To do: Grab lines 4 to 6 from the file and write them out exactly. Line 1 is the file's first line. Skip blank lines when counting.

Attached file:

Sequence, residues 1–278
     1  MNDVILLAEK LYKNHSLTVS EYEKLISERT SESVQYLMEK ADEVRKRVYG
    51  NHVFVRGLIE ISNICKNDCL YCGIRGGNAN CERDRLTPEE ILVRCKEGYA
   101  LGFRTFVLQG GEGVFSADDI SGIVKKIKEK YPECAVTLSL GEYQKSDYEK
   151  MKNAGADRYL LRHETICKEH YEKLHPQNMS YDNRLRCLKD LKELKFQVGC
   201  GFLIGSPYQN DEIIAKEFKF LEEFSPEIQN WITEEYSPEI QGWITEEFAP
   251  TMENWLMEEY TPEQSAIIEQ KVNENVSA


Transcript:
   101  LGFRTFVLQG GEGVFSADDI SGIVKKIKEK YPECAVTLSL GEYQKSDYEK
   151  MKNAGADRYL LRHETICKEH YEKLHPQNMS YDNRLRCLKD LKELKFQVGC
   201  GFLIGSPYQN DEIIAKEFKF LEEFSPEIQN WITEEYSPEI QGWITEEFAP